Digital Learning: A New Normal?

Loknath Das

The Coronavirus pandemic has disrupted routine life all around the world. Extended lockdowns and other regulations that are in place have kept schools and colleges closed since mid-March. Since then, many colleges in India and abroad have moved to digital classrooms. The aim is to allow students to keep in touch with their learning, even from a different region. Remote access to education seems to be revolutionising teaching and learning altogether.

Amidst this, one concern comes to mind- how many students in India have an access to computers and internet connection? If education moves digital, India may be unprepared for such a transition. There are various aspects to consider for students who wish to access overseas learning from their home. These mainly include accessibility and affordability.

Given below are some facets that will determine India’s role in a digital classroom.
1. Access to the Internet and Computers
India is an emerging market for various goods and services. However, when it comes to network connectivity, there is disparity. Access to technology reflects social classification. Rural areas have reduced access to the internet compared to urban areas. Similarly, studies suggest that gender also has a role to play with men having more access. With such gaps in the availability of computers and the internet, if education is purely digital, many students will be left behind. Even though there is growth in the use of smartphones, assignments and projects cannot be completed on such devices. What is needed is far-reaching access to electricity, computers and internet connection.

2. Affordability
For students hoping to study abroad, they can avail fellowships, aids and scholarships. The same may not be possible if the internet remains expensive for a larger population. During the pandemic, many service providers have made available network connections for cheaper rates and even free of cost. Once the crisis passes, the temporary price changes will also be revised. Making the internet accessible to more people will not solve the problem, it must be affordable as well. We must also consider the cost of training teachers all across the country to teach courses online. The transition will be a long process as both teachers and students will have to learn the platforms first.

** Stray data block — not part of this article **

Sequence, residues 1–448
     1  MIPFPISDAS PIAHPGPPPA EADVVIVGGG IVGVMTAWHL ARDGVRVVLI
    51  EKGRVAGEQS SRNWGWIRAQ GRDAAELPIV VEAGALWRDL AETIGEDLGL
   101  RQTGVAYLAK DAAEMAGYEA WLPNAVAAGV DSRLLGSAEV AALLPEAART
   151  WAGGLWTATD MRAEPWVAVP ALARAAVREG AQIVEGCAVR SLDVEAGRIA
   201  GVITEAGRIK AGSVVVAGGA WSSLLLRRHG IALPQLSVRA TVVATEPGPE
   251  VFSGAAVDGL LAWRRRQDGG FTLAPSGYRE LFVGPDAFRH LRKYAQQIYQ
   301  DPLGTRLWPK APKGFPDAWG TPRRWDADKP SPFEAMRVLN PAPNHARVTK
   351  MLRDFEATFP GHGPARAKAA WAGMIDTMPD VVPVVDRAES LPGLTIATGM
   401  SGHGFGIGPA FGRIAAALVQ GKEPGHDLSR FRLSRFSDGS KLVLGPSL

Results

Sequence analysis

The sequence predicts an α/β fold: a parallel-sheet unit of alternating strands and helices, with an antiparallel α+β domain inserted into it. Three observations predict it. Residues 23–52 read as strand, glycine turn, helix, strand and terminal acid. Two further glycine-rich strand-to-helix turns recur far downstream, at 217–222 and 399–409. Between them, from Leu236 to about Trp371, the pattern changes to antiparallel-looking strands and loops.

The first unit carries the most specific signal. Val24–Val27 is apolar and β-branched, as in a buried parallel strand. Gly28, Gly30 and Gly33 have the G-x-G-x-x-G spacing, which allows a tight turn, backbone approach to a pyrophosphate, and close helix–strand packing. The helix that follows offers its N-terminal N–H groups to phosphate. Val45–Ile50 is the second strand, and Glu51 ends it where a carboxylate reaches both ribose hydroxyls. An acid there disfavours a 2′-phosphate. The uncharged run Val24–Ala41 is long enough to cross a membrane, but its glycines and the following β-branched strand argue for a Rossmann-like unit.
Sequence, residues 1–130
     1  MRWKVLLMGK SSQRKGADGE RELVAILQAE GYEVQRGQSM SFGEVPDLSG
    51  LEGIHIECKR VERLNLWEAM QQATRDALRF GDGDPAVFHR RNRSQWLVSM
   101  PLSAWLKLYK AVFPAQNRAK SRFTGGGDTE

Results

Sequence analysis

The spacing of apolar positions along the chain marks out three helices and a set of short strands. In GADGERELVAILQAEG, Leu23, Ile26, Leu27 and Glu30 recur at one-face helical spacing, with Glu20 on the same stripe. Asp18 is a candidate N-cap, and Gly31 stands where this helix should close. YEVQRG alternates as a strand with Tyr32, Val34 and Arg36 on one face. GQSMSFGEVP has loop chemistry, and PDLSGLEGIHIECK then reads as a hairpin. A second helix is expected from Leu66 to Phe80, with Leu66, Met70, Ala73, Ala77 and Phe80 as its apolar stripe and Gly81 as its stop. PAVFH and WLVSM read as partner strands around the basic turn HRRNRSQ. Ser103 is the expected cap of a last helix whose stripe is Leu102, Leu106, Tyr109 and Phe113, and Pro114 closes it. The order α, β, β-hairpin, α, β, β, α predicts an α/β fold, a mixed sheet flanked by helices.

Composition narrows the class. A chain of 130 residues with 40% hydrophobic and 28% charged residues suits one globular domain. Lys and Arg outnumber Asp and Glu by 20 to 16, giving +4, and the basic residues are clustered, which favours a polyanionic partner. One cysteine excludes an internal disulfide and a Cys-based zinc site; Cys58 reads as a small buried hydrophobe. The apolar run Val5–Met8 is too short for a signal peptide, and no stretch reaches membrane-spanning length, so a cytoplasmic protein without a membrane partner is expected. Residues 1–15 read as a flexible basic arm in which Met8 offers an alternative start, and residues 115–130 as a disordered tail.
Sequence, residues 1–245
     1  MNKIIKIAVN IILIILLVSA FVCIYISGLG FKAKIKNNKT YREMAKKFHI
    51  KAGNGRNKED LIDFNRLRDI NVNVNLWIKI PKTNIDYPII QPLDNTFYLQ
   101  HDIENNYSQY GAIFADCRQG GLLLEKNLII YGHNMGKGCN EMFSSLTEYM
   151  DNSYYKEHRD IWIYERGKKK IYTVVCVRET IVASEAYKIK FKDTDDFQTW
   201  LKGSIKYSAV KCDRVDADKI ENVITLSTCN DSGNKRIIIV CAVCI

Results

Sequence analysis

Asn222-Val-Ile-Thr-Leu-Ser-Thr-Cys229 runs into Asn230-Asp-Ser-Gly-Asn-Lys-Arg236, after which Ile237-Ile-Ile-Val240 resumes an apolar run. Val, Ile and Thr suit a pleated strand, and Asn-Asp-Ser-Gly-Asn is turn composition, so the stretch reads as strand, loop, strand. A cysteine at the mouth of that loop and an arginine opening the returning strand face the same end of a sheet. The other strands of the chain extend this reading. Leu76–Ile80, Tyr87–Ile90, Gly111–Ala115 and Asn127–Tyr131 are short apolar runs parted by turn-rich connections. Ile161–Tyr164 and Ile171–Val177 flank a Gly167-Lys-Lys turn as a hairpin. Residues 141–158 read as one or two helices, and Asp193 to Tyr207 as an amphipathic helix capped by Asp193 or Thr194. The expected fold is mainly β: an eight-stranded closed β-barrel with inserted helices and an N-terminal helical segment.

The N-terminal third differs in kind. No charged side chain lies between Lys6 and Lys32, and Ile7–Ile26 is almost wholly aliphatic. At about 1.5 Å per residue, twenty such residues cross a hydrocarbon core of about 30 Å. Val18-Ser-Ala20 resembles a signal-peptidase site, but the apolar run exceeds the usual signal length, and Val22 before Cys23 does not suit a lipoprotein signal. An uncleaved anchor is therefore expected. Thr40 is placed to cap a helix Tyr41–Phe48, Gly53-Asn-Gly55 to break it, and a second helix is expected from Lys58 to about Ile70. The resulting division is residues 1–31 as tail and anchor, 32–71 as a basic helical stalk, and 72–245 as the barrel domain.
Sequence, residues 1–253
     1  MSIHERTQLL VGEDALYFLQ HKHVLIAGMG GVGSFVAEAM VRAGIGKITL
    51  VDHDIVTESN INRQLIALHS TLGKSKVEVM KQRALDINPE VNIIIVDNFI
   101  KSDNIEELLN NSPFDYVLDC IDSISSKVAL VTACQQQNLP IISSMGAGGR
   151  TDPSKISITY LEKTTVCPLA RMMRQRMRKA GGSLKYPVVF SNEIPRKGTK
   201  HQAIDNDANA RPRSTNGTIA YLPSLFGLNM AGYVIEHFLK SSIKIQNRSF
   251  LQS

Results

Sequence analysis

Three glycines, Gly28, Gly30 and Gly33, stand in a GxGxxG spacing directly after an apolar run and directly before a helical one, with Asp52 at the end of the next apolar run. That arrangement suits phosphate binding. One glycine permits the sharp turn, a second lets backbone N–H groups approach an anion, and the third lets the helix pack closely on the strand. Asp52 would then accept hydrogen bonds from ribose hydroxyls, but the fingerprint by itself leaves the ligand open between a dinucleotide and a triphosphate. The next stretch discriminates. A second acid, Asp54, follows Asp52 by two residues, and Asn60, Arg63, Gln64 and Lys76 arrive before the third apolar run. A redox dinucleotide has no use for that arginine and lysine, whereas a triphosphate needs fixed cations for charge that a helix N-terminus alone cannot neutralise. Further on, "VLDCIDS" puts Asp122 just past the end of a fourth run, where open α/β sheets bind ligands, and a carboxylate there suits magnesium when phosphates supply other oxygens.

3. Scalable
India has scalable prospects for digital education. The lockdown has pushed the restrictions of the need for physical proximity when it comes to learning. It is due to compulsion but signals growth and progress. A student in India will be able to take courses from the Ivy Leagues. Over time, digital learning will also become more acceptable. The shifting trend will give online learning the respect it deserves. For India, which sees more students going abroad to study every year, the scalable nature of digital education spells good news.

4. Traditional Classrooms are Here to Stay
Despite the move to online classes, traditional physical classrooms will remain. Schools provide peer-to-peer learning and socialisation of students. Moreover, with parents going to work, schools will take on the responsibility of personality development as well. Digital courses will teach the content of a subject, and the professor will teach manners and social etiquette. Eventually, both mediums will coexist to provide holistic education to students.

The future of education might see a revolution and India needs to prepare for it. For students who wish to study abroad, the changes will bring an abundance of opportunities to learn and build their profile. Start today and prepare to make your dreams come true.

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